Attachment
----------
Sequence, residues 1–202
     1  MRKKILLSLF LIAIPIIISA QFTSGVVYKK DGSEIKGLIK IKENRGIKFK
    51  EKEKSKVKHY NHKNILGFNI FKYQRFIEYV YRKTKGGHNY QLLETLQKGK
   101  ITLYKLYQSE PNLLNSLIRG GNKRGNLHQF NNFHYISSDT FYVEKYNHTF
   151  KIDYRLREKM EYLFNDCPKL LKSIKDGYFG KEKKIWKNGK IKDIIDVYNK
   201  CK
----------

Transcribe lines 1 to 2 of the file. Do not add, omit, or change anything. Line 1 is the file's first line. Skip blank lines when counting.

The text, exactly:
Sequence, residues 1–202
     1  MRKKILLSLF LIAIPIIISA QFTSGVVYKK DGSEIKGLIK IKENRGIKFK